EOS raised over $4.1 billion in June 2017 while Ethereum (ETH) raised $16 million in 2014. Bitcoin (BTC), which raised no funds, has been able to overcome many of the problems faced by EOS, Ethereum, and other cryptoassets. While EOS seems to centralize the production of coins and Ethereum’s decentralized applications keep underperforming, Bitcoin may soon become the internet of money.
In a recent tweet, @ArminVanBitcoin stated that four billion USD was used to create EOS’s centralized network of nodes and stresses that regular users are prohibited from running their own.
EOS uses delegated proof of stake (DPoS), which appears to make block production more egalitarian than traditional proof of stake consensus mechanisms. Using DPoS, users vote on who mints the next block. Theoretically, producers are selected based on democratic participation — not staked holdings.
While this may seem egalitarian, it does allow the same producers to keep being elected. As long as a limited number of nodes can continually display their worth to the network, they may consistently be elected. This means that a small group of block producers could centralize the production of EOS coins.
$EOS raised $4B to create an centralized network where ordinary users can't even run their own node.$ETH raised $16M to create a network that was hacked, forked and STILL doesn't have a single dapp with a legit usecase.$BTC raised $0 to create the internet of money.#Bitcoin
— A v B (@ArminVanBitcoin) February 23, 2019
What About Ethereum?
Ethereum appears to have a centralized governance structure — namely, The Ethereum Foundation, which is responsible for funding, developing, maintaining, and governing the Ethereum network.
Furthermore, Ethereum has faced a number of hacks. One of the most notable was the Decentralized Autonomous Organization (DAO) hack of 2016. This led to a hard fork and the splitting off of Ethereum Classic (ETC).
ArminVanBitcoin also notes that Ethereum has relatively few decentralized applications (dApps) with proven use value. According to DappRadar at the time of writing, only two of the top 50 most-used dApps are run using the Ethereum Network. The majority were deployed on EOS or TRON.
Is Bitcoin Better?
Bitcoin was created without raising any money. No initial coin offering (ICO) was hosted for the cryptocurrency. There were no private or public sales conducted to fund Bitcoin’s development or release.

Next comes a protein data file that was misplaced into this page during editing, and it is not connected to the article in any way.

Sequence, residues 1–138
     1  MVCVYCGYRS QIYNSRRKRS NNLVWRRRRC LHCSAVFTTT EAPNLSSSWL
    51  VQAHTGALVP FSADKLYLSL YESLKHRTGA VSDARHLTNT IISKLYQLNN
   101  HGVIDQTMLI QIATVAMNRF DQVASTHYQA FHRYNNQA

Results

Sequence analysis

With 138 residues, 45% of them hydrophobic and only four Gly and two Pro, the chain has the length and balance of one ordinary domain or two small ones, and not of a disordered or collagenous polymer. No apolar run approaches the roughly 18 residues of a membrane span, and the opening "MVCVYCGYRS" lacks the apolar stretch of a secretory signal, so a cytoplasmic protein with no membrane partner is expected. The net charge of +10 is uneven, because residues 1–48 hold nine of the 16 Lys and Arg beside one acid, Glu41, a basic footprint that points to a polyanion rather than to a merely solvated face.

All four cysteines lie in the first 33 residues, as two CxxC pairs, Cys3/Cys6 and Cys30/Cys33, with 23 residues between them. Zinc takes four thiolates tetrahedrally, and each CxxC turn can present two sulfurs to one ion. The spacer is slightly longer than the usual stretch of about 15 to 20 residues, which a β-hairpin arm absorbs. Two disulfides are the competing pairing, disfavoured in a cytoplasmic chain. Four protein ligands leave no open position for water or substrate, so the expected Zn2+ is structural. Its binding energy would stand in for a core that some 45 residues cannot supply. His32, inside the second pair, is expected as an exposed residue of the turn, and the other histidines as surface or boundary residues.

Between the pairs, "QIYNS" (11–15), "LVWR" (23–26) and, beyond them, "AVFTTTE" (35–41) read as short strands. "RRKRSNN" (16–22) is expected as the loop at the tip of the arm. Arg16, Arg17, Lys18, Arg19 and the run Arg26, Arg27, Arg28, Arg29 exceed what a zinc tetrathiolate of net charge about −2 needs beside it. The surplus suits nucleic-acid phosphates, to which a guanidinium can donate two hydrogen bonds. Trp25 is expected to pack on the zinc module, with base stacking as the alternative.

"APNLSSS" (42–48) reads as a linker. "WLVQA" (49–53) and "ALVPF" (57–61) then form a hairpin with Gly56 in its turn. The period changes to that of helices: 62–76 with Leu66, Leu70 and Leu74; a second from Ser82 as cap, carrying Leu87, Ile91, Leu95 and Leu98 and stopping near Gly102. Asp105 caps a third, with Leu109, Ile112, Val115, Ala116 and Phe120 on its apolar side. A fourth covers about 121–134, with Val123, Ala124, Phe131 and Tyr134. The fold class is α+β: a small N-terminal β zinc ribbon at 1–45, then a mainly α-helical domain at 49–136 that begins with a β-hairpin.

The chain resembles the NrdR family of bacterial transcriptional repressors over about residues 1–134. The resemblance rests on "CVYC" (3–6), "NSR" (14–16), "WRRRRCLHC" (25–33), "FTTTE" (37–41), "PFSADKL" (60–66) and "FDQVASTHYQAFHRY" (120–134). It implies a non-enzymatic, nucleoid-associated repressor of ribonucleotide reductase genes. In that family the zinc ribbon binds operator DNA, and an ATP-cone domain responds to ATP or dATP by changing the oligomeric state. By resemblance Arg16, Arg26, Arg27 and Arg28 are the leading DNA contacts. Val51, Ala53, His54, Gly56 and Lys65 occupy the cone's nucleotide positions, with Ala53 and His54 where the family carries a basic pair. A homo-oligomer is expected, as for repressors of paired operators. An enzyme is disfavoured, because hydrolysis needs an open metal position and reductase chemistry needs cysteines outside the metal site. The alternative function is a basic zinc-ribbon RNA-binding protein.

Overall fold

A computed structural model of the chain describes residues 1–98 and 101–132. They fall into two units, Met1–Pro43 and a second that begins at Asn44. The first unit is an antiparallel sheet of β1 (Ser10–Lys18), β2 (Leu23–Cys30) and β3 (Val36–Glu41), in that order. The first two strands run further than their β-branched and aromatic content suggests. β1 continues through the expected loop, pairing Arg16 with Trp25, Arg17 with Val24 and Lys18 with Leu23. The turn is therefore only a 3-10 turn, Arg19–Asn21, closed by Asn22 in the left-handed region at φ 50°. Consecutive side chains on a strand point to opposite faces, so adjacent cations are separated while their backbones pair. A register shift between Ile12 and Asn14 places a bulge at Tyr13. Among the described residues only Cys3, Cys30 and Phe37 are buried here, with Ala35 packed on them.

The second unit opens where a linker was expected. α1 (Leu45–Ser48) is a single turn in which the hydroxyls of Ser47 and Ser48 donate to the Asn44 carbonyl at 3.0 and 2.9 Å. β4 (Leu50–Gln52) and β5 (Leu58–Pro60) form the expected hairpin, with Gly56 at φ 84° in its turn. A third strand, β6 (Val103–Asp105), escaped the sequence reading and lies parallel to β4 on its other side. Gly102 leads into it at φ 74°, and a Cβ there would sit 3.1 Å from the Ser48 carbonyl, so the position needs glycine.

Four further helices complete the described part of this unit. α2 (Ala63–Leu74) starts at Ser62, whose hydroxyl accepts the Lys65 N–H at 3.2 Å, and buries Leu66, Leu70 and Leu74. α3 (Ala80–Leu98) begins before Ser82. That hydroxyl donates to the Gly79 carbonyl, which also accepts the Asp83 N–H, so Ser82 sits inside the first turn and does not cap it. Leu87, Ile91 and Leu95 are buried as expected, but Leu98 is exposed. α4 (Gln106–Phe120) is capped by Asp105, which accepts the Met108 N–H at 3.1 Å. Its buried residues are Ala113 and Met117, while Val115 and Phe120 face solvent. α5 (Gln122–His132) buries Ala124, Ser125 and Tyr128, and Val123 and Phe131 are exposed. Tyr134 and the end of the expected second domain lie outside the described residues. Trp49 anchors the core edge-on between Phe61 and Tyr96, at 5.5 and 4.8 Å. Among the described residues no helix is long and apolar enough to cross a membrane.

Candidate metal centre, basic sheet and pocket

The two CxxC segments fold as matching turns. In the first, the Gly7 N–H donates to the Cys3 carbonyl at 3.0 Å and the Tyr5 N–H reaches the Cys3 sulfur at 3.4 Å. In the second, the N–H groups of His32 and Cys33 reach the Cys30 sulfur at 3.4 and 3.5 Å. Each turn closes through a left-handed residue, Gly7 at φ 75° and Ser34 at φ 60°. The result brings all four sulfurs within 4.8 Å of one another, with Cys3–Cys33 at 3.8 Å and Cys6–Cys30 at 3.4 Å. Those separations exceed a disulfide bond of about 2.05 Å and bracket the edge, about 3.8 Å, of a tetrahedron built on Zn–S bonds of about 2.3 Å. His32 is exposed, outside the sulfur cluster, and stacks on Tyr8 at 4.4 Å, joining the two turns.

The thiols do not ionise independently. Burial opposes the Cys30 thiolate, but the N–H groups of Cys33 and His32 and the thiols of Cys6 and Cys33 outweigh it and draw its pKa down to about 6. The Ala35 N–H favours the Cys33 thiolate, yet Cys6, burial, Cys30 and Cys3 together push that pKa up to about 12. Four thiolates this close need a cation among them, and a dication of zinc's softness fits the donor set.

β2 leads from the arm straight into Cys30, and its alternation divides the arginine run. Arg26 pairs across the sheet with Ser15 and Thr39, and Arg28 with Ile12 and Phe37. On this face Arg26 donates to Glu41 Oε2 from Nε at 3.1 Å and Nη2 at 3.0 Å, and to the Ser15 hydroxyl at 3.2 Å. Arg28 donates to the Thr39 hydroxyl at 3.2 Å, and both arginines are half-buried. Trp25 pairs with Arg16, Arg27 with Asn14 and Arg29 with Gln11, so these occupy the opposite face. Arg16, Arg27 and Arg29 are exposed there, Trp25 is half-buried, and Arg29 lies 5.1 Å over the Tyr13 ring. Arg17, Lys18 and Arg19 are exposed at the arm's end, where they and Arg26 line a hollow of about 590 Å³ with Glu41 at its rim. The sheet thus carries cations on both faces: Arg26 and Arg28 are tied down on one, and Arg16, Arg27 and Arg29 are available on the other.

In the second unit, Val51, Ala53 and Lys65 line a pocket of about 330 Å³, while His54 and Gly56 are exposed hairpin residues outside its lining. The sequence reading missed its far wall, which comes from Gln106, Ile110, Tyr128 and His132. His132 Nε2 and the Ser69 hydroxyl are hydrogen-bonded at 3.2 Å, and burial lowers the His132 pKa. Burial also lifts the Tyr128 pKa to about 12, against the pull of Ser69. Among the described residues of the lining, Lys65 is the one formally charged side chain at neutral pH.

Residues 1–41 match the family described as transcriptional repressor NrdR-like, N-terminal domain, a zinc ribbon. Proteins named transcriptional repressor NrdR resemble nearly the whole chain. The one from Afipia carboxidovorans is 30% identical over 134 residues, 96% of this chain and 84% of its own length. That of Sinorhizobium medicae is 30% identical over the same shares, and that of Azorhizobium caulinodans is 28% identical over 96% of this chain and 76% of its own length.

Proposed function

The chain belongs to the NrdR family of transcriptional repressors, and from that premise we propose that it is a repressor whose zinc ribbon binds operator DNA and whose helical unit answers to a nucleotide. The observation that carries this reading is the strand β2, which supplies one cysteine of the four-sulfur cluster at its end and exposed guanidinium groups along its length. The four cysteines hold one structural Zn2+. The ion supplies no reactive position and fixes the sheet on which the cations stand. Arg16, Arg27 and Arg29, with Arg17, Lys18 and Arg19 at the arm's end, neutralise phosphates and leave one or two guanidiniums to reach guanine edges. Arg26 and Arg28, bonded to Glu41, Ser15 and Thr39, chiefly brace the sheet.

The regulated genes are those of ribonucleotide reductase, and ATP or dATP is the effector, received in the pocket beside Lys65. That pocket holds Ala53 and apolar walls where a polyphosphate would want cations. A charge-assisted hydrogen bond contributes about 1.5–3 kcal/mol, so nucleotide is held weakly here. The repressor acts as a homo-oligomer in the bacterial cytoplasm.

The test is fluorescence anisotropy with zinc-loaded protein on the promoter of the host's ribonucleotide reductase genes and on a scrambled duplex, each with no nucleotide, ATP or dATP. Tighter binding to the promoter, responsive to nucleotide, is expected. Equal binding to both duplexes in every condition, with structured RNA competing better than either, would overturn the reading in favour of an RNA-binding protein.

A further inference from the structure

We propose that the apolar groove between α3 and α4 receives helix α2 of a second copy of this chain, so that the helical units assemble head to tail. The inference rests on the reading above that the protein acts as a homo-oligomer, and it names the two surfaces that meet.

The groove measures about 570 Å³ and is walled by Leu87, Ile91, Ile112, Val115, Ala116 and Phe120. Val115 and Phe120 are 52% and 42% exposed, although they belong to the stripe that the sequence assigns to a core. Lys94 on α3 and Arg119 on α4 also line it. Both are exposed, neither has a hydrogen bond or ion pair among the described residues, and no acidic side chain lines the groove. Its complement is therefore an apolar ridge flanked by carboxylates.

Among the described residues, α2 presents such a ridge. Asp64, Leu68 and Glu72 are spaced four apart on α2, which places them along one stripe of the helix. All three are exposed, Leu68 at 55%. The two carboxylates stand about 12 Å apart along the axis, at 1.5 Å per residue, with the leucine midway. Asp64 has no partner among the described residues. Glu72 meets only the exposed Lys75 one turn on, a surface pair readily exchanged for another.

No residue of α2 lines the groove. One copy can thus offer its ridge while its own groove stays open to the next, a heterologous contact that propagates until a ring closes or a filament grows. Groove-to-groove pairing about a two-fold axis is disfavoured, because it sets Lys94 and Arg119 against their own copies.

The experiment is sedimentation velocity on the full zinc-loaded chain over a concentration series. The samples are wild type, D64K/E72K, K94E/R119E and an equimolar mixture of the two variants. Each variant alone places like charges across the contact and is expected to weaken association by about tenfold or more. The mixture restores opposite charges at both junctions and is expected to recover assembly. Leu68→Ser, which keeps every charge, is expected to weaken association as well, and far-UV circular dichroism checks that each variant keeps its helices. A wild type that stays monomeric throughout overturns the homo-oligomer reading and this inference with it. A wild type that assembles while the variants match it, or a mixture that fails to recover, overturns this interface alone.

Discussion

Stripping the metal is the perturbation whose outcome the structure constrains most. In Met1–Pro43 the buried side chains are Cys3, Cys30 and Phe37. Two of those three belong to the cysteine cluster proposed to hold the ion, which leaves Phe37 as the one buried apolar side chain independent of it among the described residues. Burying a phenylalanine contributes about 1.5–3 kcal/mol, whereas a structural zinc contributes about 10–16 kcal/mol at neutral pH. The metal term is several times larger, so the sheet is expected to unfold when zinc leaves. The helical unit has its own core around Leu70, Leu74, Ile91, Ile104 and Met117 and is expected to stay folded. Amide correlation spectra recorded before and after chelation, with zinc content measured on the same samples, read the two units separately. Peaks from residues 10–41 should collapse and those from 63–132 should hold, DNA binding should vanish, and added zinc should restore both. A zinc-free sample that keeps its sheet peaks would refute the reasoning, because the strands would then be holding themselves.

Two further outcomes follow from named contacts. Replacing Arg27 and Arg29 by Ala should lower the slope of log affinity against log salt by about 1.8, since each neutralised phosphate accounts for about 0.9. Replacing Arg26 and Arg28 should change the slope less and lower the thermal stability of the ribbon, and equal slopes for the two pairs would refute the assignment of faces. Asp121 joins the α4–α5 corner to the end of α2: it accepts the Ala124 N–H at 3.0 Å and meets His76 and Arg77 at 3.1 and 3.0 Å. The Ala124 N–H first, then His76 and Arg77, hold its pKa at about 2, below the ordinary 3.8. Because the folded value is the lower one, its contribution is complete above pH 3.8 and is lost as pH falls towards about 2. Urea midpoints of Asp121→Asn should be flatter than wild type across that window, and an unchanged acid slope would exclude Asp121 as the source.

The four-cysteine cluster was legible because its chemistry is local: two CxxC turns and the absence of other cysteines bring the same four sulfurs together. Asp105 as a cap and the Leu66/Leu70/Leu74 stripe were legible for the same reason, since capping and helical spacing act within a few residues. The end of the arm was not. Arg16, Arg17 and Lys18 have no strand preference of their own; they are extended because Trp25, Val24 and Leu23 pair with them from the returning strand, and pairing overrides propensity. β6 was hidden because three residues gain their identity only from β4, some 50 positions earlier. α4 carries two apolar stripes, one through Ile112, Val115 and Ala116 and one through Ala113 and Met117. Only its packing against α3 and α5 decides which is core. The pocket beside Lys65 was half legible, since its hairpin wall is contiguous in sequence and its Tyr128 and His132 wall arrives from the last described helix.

On top of these facts, Bitcoin has been able to overcome most of the other issues affecting Ethereum and EOS.
Hacks, Attacks, and Vulnerabilities
In Bitcoin’s early years, there were apparent problems — but they appear to have been rectified without long-term consequences. For example, Jeff Garzik reportedly found a block containing 92 million bitcoins on Aug 8, 2010. The total number of bitcoins in existence is not supposed to exceed 21 million. This issue was fixed fairly quickly after discovery and those extra bitcoins are erased from the total supply. Since 2010, attacks on the Bitcoin blockchain have been relatively uncommon and unsuccessful.
Most vulnerabilities affecting Bitcoin do not affect the cryptocurrency directly. It is often exchanges, wallets, or other services which experience problems.
Many hard forks have been suggested and implemented to increase the scalability, security, privacy, and other features of the Bitcoin blockchain. Notable hard forks include Bitcoin Cash (BCH) and Bitcoin Gold (BTG), while Bitcoin Private (BTP) may be one of the most infamous merge forks in history.
None of these have had real staying power while many have problems of their own — with leading fork Bitcoin Cash recently experiencing its own split and becoming increasingly less relevant with each passing month.
Threats of Centralization
Lastly, while the threat of centralization exists, Bitcoin is far from centralized. Large industrial mining rigs, mining pools, and ASIC manufacturers and owners could attempt to centralize Bitcoin’s production, but this would be no easy feat.
To date, Bitcoin stands as the model of a cryptocurrency built on top of a decentralized distributed ledger.
Do you think Bitcoin will eventually become the internet of money? Will EOS or Ethereum ever truly rival the first and foremost cryptocurrency? Let us know your thoughts in the comments below!
Images courtesy of Twitter, Shutterstock.